We rely too much on our eyes. I seem to remember that humans get 70% to 90% of their total sensory input through their peepers, which makes vision the most productive of the five senses. However, while eyes are an essential tool for practically all vertebrates, they can also become a crutch like any especially successful and prosperous device.
You know all the clichés. The hand is quicker than the eye. There's more to it than meets the eye. You can't see the forest for the trees. We know we're missing something.
So I'd bet the other senses don't magically become more sensitive or compensate when a person goes blind. Rather, without all the input from their eyes, people with impaired vision simply pay attention to their other senses that were there all along, but were drowned in all the visual input. Sound familiar?
Because process control applications are designed, built and operated by people with the usual eyeballs, they're subject to the same blinders imposed on sight. Each flashy new PC, laptop, smartphone and tablet computer gives us yet another TV to stare at—and yet another chance for our minds to slip into the hazy, debilitating, low-Alpha-wave fog that the old boob tube has kept many of us in since childhood. Huh? What was I talking about? Precisely.
In process control rooms and other places PC boxes were replaced by flatscreens, video walls and smart whiteboards—often without much thought about who uses them, or if they can work effectively and safely in that environment for years on end. It's old news now, but each leap in display hardware was accompanied by even faster advances in display software and graphics—to the point where the colorful pictures obscured important alerts and crucial alarms. Trees blocking the forest again.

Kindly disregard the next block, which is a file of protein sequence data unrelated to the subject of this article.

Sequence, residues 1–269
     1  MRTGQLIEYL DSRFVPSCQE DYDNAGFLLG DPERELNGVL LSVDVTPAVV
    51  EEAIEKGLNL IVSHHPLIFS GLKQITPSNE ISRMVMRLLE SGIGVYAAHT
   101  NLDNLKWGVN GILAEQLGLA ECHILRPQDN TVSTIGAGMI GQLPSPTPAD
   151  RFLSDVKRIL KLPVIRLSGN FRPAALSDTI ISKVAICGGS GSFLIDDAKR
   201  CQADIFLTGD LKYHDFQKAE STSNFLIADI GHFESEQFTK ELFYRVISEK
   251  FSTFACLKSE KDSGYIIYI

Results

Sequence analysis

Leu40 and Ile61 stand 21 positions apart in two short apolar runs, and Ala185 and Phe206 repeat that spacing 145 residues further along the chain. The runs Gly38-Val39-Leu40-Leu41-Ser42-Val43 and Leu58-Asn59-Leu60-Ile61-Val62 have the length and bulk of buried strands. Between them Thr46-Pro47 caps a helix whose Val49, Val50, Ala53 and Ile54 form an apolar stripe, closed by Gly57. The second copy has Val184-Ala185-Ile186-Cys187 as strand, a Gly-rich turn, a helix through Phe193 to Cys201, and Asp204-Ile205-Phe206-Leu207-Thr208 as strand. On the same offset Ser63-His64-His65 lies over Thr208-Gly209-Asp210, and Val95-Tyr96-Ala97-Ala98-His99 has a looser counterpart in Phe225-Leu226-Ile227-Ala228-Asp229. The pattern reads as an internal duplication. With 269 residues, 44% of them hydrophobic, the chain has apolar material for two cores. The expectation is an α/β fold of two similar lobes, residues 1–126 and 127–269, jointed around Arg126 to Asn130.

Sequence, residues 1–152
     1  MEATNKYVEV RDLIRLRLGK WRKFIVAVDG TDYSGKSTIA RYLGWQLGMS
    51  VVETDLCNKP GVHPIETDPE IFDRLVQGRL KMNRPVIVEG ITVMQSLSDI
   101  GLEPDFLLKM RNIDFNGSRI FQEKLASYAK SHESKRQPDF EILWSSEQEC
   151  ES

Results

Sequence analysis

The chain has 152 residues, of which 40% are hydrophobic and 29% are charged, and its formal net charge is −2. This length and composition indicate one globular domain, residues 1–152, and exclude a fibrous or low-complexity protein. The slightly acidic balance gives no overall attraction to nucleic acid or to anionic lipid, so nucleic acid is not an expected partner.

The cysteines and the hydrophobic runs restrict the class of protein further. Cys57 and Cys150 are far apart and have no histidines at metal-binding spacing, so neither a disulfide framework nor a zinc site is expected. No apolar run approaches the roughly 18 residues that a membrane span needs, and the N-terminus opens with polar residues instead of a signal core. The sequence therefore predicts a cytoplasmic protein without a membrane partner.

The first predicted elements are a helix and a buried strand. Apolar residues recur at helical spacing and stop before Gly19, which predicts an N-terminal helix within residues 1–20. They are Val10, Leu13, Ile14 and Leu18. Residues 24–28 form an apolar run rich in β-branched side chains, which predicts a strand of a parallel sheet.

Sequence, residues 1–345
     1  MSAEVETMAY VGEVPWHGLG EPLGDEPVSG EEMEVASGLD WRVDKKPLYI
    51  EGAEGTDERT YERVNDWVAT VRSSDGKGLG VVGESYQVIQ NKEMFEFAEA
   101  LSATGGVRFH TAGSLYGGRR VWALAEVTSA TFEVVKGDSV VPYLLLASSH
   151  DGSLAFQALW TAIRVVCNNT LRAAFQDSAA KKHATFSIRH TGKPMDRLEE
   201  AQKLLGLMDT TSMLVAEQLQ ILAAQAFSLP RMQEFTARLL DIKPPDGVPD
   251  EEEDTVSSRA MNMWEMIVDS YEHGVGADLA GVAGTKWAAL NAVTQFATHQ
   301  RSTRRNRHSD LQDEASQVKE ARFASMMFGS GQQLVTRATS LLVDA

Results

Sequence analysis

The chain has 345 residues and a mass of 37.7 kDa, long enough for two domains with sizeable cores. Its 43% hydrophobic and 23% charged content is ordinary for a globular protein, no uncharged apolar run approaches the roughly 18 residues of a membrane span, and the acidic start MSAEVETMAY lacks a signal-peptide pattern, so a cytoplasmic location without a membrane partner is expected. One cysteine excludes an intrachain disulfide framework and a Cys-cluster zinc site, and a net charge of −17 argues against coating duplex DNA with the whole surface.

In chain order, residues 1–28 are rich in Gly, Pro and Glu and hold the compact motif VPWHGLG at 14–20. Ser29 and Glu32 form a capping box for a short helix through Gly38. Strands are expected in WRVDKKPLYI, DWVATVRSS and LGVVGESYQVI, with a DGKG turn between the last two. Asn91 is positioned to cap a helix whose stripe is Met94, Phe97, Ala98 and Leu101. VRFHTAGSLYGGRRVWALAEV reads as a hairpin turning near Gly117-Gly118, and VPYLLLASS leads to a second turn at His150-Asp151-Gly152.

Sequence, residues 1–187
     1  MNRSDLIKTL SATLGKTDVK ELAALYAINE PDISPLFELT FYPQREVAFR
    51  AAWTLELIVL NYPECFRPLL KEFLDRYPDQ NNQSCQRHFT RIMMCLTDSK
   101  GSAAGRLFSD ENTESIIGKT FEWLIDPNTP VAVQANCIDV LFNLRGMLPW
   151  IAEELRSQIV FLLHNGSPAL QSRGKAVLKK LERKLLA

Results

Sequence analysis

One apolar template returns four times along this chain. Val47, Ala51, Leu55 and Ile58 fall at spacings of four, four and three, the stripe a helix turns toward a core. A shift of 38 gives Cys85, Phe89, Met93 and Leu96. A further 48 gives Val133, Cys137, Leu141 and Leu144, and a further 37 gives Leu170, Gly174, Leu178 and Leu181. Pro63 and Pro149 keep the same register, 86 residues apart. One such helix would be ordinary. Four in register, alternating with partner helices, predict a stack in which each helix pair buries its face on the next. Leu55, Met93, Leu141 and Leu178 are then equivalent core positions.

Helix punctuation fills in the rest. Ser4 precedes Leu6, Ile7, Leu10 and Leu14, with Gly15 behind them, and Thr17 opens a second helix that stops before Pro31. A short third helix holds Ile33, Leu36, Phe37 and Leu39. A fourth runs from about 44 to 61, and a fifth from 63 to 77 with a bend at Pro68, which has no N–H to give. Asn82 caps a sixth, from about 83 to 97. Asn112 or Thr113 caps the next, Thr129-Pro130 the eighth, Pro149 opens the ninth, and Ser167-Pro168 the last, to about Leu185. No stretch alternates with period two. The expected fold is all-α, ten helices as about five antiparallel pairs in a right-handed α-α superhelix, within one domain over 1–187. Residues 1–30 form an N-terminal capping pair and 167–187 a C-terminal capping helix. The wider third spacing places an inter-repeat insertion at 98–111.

Now, I know HMIs provide crucial information that couldn't be delivered any other way. Most do a fine job, and they will inevitably continue to be used. However, their users need to think about employing them more responsibly by valuing their own mind's attention span and capacity, prioritizing input sources and eliminating or suppressing as much chaff, blather, spam and other useless information as possible.
So how can you restrict or focus vision and concentrate attention on what's important in the control room? Plan ahead. Don't just build a room, put up flatscreens, desks and chairs, and install HMI and SCADA software. Many contributors to this issue's "Smarter Reality" cover article say it's crucial to examine operator tasks, required measurements and indicators; identify present and needed functions; and build or renovate displays and control equipment around them as much as reasonably possible.
One of the best ways to do this in process control and automation is to learn and follow the guidelines of the Abnormal Situation Management Consortium (ASMC, www.asmconsortium.net), the Center for Operator Performance (COP, www.operatorperformance.org) and similar international organizations. They stress focusing on what operators really need to know about what's happening in their applications, how to arrange displays for optimum, long-term operator alertness, and using colors and shapes in principled ways to improve situational awareness.
However, I'm still wondering if it's truly possible to perceive beyond our eyes? What's the true appearance of objects and the world without the perspective and limits imposed by the rods and cones on the retina at the back of our eyeballs? There are many examples of students using blindfolds to learn about the vision-impaired experience. Remember when Luke Skywalker first learned about the Force? Likewise, a whole branch of Buddist practice involves blind archery. If you don't have a bow and arrow and don't want to imperil your neighbors, you can use a basketball, and try closed-eye free throws. You may be surprised by how many you can sink. And if we learn more about prioritizing sensory input in one exercise, it may help point out what's important in others.